It’s great to drop the needle onto side two and hear the power chords clash and strut on ‘I Don’t Know When To Stop’ enhanced with some great gob iron blowing and a bowery staggering solo. Then to bump straight into ‘Maybe Love Is In NYC’ which makes a great dive bar buddie maybe not as strong but great to hear those guitars being rinsed with passion and some attack.

Chrissie Hynde might well have found her Mojo and really delivered a great record.  there isn’t one weak track on offer and whilst side two might lack the variety that you have on the opening few songs they are immensely enjoyable like the punky hand jive of ‘Don’t Want To Be This Lonely’. To be fair the piano balladeering of the albums closer ‘Crying In Public’ had to be and the strings and big chords make it listenable without becoming lush or too polished and it retains the feel of the rest of the record and has grit and charm.

Pretenders have turned back the clock and knocked out one of 202s finest records without any shadow of a doubt.  It’s short, sharp and exactly the pick me up needed during this oddest of summers. Something new with an old feel that’s comforting and downright bloody entertaining. ‘Hate For Sale’? Yes please.


Buy ‘Hate For Sale’ Here


Author: Dom Daley


Ok Ok settle down you punks, power poppers & hard rockers It’s been a bumpy ride for the past few months and we’re not out of the woods quite yet what with some countries doing a hell of a lot better (Canada, New Zealand) than others (UK, USA take note).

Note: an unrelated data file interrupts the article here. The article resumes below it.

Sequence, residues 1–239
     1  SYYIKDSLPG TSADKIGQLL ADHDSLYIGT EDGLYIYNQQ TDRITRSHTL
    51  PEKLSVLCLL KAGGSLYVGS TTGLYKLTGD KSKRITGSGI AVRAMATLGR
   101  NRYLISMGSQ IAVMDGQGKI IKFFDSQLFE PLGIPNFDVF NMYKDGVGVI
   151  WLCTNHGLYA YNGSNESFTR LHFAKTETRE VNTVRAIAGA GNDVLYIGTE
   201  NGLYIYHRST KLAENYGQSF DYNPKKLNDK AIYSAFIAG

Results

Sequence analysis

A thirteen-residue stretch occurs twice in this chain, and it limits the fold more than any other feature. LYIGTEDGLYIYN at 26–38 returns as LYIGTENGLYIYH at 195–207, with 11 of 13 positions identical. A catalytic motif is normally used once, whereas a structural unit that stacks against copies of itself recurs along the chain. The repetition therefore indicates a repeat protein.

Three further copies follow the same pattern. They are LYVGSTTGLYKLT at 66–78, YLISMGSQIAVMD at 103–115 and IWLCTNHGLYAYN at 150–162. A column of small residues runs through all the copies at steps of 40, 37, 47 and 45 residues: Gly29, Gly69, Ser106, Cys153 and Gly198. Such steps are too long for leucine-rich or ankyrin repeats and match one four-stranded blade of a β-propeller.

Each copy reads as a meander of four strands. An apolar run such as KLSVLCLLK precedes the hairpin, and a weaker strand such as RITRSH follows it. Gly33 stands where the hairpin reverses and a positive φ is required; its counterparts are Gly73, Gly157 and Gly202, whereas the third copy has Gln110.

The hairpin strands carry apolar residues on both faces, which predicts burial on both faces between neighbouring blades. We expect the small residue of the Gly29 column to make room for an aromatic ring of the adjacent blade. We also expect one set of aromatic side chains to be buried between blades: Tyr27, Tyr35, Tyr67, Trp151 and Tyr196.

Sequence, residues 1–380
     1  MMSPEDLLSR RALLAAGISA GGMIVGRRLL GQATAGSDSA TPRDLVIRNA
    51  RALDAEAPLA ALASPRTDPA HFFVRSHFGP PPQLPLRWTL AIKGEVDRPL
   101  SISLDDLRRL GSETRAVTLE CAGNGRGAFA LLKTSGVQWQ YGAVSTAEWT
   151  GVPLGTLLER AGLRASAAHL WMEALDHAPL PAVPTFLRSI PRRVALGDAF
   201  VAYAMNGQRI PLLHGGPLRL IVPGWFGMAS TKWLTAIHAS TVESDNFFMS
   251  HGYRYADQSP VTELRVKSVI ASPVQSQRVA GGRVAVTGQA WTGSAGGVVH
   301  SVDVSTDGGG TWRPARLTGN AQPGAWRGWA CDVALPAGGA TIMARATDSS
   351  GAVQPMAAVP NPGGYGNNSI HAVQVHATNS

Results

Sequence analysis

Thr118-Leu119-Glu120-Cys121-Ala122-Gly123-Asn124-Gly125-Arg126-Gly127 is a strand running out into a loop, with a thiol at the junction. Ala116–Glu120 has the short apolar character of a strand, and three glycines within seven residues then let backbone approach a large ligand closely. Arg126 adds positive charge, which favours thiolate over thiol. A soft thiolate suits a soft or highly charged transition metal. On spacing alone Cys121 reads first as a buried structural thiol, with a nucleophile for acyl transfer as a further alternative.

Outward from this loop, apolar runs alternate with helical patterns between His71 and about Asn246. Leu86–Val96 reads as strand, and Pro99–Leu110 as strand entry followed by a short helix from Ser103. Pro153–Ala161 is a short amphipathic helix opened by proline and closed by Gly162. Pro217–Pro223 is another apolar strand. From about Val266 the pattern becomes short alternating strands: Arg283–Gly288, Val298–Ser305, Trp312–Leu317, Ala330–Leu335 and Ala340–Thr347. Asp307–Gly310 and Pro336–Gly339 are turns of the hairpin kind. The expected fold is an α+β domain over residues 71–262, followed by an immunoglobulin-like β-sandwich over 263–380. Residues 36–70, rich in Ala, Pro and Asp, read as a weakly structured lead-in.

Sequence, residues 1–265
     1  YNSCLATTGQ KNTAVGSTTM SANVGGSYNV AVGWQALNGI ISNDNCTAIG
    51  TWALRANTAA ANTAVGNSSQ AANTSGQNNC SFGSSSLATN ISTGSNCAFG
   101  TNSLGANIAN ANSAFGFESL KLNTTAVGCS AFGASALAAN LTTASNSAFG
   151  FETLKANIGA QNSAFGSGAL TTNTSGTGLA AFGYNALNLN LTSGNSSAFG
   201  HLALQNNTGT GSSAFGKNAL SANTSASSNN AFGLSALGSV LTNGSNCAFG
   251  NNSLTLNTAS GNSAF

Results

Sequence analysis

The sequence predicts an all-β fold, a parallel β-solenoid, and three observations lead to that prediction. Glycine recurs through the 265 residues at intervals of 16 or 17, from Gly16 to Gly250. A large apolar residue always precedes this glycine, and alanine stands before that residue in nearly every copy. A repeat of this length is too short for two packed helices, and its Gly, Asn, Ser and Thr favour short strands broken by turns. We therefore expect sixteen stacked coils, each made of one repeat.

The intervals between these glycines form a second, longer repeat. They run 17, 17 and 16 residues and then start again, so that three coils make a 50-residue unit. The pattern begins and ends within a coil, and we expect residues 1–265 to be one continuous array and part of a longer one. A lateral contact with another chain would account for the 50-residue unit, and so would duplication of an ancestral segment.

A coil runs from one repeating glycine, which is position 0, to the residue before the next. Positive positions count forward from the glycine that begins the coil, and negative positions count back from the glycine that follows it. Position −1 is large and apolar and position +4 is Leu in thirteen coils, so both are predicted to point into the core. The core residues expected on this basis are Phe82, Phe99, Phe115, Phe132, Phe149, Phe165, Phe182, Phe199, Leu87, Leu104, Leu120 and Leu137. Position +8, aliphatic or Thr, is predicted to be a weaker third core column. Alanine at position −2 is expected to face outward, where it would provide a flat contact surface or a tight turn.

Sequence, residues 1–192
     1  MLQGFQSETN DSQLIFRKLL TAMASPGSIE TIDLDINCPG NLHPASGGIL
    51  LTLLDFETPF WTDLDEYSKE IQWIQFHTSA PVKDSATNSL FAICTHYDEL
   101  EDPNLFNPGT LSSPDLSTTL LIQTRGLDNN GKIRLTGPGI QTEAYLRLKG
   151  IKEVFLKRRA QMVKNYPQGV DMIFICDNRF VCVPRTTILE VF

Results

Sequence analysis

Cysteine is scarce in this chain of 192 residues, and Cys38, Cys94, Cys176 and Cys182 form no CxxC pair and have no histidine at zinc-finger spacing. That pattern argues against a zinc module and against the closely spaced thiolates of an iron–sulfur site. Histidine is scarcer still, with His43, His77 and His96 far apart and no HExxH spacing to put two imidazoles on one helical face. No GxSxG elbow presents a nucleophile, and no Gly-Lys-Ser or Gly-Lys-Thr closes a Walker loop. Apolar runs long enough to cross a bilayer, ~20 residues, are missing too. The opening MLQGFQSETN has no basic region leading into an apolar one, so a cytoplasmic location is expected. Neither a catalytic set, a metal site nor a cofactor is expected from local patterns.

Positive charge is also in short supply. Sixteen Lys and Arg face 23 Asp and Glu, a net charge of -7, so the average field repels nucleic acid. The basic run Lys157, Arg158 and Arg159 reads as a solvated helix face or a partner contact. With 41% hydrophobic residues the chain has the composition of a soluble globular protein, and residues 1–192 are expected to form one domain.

RPM is really missing heading out to live shows right now so what we thought we’d do is introduce you to some new bands we like and who should be on your radar if you’ve been paying any attention to RPM Online.  First up from outta Canada we bring you the power poppin’ Autogramm.

Autogramm is a synth-driven, power-pop trio from Vancouver drawing influences from the likes of The Cars, The Go Go’s, Gary Numan, 20/20 and Devo. The band members are Jiffy Marx of Brooklyn’s Hard Drugs and Vancouver’s Blood Meridian, CC Voltage of Berlin’s Dysnea Boys, London’s Loyalties and Vancouver’s Black Halos and Spitfires, and The Silo of Vancouver’s Black Mountain, Lightning Dust and Destroyer. 

Just who the Hell are Autogramm?
Jiffy: Are any of us still who we were pre-COVID?!
C.C.: We’re three dudes who tried to make a song that sounded like 20/20 and it became a real band. Jiffy Marx, C.C. Voltage and The Silo.
Where you from?
Jiffy: Not sure if its official yet but we are from Vancouver Canaduh and Chicago “The Windy City” IL
C.C. I’m from a suburb of Vancouver called Abbotsford; the bible belt of Canada. Perhaps why I’ve also spent many years in Berlin and Cologne.
How did the band come together?
Jiffy: We’ve all moved around and traveled a lot but in 2017 we were all living in Vancouver and decided to start a New Wave/Post-punk/Powerpop band.
C.C. Jiffy was visiting Berlin and we decided we wanted to start something while we listened to a 20/20 LP in Kreuzberg.

Previous recordings available?  

 Jiffy: Jessica Don’t Like Rock’n’roll b/w Run Don’t T-Talk To Me 45rpm single (2017 Snappy Little Numbers Quality Audio Recordings) What R U Waiting 4? Album (2018 Nevado Records) Bad Day b/w Quiero Estar Sedado 45rpm single (2019 Jarama 45 RPM Records)
If you wanted to dig deeper we’ve been in bands like Dysnea Boys, Jiffy Marker, Black Mountain, The Spitfires, Destroyer, The Loyalties, Black Rice, Hard Drugs, Lightning Dust, Black Halos, etc….
Post pandemic what’s the plan?
C.C. Hug people, shake hands, go to bars, then release the new Autogramm LP (almost done!) and reschedule our Mexican and European tours.